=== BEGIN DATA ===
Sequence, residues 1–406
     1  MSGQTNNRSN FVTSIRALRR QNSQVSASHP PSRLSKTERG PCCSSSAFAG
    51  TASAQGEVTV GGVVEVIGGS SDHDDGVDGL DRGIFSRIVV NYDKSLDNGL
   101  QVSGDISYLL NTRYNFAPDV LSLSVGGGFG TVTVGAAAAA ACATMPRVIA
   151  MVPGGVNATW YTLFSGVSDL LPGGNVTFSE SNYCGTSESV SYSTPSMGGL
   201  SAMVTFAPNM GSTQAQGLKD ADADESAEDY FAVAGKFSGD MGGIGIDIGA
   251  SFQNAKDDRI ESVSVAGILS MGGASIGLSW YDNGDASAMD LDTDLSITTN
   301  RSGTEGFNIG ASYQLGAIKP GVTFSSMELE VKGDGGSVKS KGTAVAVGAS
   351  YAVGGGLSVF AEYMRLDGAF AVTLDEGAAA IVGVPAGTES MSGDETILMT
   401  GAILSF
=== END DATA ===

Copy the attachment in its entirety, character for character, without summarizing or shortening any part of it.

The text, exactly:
Sequence, residues 1–406
     1  MSGQTNNRSN FVTSIRALRR QNSQVSASHP PSRLSKTERG PCCSSSAFAG
    51  TASAQGEVTV GGVVEVIGGS SDHDDGVDGL DRGIFSRIVV NYDKSLDNGL
   101  QVSGDISYLL NTRYNFAPDV LSLSVGGGFG TVTVGAAAAA ACATMPRVIA
   151  MVPGGVNATW YTLFSGVSDL LPGGNVTFSE SNYCGTSESV SYSTPSMGGL
   201  SAMVTFAPNM GSTQAQGLKD ADADESAEDY FAVAGKFSGD MGGIGIDIGA
   251  SFQNAKDDRI ESVSVAGILS MGGASIGLSW YDNGDASAMD LDTDLSITTN
   301  RSGTEGFNIG ASYQLGAIKP GVTFSSMELE VKGDGGSVKS KGTAVAVGAS
   351  YAVGGGLSVF AEYMRLDGAF AVTLDEGAAA IVGVPAGTES MSGDETILMT
   401  GAILSF